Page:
Documentary images capturing life in working class communities across the North East have inspired a two day event exploring how documentary filmmakers and photographers have responded to sweeping economic and political transformations since the 1970s.
The ‘Future Presence’ conference will bring together filmmakers, photographers and academics to look at how the practice of photographic and film documentary has changed over the past 40 years and how it might evolve in the future.
The conference has been organised by Newcastle University’s Institute for Creative Arts Practice and Newcastle-based Amber Film & Photography Collective. It complements the ‘For Ever Amber’ exhibition currently at the Laing Art Gallery in Newcastle, the first major retrospective looking at Amber's extraordinary film and photography collection.
One of the topics the event will focus on is the relationships forged with communities and the ways in which documentary filmmakers and photographers work with community groups and individuals. The programme includes a discussion with some of the people whose lives have been documented in film and photography projects linked to works held in the Amber collections.
There will also be a number of screenings over the two days, including John Akomfrah’s multi-award winning film, Handsworth Songs, depicting the 1985 riots in Handsworth and London. Mr Akomfrah will also be one of the speakers at the event and will take part in a discussion about the use of archive images in contemporary documentary.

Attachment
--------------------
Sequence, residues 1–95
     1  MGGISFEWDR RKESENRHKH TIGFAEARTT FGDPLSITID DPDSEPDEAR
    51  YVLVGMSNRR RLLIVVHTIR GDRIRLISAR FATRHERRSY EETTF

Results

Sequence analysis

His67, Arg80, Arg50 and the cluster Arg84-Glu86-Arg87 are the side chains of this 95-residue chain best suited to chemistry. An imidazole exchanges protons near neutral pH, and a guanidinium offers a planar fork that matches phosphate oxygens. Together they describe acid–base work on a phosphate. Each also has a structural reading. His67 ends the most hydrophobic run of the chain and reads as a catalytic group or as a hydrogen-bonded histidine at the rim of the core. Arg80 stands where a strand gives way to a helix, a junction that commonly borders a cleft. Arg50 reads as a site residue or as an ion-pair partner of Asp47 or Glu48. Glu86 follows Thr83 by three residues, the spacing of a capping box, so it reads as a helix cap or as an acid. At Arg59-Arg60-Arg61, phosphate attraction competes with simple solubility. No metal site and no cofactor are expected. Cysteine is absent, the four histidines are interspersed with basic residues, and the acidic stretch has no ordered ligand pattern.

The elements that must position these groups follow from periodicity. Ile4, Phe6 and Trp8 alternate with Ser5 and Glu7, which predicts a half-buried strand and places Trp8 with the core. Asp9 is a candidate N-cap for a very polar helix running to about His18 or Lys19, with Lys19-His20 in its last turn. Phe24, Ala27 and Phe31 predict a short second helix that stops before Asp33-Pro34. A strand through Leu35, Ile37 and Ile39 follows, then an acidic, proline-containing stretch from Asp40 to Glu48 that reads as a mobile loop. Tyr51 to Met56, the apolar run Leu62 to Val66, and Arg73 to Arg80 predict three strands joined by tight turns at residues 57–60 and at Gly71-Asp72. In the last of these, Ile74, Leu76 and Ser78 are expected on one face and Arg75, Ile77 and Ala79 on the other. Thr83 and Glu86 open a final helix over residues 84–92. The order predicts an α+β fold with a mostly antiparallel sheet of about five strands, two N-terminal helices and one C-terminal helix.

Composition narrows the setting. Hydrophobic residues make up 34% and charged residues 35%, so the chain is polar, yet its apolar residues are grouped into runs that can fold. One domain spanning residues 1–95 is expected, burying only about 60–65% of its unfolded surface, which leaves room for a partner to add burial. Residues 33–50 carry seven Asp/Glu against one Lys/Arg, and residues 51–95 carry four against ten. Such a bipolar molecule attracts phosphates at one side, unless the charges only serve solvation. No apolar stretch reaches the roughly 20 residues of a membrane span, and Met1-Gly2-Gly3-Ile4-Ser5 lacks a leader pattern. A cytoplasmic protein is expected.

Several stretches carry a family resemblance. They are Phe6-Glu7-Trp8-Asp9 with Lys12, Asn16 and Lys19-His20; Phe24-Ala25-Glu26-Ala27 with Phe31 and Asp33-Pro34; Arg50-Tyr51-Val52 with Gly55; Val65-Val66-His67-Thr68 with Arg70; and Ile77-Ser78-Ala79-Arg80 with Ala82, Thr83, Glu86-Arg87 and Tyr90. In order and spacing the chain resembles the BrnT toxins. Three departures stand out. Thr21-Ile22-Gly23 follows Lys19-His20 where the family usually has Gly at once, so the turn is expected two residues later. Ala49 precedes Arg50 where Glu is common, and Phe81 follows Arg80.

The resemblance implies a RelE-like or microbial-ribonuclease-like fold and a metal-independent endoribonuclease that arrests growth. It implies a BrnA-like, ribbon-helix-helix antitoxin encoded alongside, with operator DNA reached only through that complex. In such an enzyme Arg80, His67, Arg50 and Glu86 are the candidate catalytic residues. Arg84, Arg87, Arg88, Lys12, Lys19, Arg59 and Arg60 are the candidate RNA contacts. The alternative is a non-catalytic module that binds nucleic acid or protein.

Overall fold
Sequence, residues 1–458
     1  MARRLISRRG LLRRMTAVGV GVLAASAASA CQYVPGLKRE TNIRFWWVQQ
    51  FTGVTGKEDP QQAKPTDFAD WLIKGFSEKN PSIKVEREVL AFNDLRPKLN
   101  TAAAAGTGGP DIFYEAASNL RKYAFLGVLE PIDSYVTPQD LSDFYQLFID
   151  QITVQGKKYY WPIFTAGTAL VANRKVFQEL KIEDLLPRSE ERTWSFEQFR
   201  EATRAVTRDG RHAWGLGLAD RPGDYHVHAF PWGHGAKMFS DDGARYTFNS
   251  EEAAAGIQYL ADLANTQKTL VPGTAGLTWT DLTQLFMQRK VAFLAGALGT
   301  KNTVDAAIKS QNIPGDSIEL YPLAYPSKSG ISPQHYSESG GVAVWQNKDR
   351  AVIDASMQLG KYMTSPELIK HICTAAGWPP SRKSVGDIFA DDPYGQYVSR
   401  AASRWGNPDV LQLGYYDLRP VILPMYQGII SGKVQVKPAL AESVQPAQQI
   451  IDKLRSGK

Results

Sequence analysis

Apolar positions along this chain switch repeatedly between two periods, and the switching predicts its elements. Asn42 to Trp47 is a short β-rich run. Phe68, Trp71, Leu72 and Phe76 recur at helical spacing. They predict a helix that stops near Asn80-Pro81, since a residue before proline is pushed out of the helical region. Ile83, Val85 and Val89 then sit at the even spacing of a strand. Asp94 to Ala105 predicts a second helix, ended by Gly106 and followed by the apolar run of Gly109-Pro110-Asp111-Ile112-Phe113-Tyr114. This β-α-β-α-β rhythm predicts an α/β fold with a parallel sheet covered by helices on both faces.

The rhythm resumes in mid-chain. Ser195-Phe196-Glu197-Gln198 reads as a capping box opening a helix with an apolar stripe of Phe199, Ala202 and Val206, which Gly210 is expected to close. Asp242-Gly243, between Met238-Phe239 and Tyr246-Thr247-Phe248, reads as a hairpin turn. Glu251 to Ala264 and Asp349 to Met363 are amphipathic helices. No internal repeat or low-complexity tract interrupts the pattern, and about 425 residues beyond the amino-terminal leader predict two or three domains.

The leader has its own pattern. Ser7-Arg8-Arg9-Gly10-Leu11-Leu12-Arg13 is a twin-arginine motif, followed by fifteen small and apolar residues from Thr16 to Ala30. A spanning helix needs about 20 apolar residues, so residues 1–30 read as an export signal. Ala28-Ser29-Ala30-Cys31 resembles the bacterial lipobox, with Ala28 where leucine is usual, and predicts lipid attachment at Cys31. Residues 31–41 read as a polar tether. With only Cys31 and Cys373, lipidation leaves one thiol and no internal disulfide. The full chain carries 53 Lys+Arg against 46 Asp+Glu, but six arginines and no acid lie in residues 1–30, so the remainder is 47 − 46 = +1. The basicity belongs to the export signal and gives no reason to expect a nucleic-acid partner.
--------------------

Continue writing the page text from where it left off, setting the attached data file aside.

Delegates will also have the option to watch a series of short documentary films made by MA Media students at Newcastle University or have a guided tour of the ‘For Ever Amber’ exhibition.
Dr Ian McDonald, pictured, from Newcastle University’s School of Arts and Cultures, and award-winning documentary filmmaker in his own right, has organised the conference. He said: “This is our salute to Amber Film and Photography Collective for producing such an amazing body of work over the past 50 years. And the best way to honour them is through a critical refection and contextualisation of their practice, and through debates as to how we can develop the art of social documentary into the future. These two aspects will be at the heart of our conference.”
The conference programme also features members of Verso Images, a collective of five emerging documentary photographers, working on stories of social changes in Russia and former USSR. They will present their latest project, ‘Grozny: Nine Cities’ which explores aspects of the aftermath of the war in Chechnya.
The ‘Future Presence’ conference takes place 10 – 11 July at the Bedson Teaching Centre, Newcastle University. For more information, and to book a place, visit the Newcastle University webstore or email email@example.com.
published on: 3 July 2015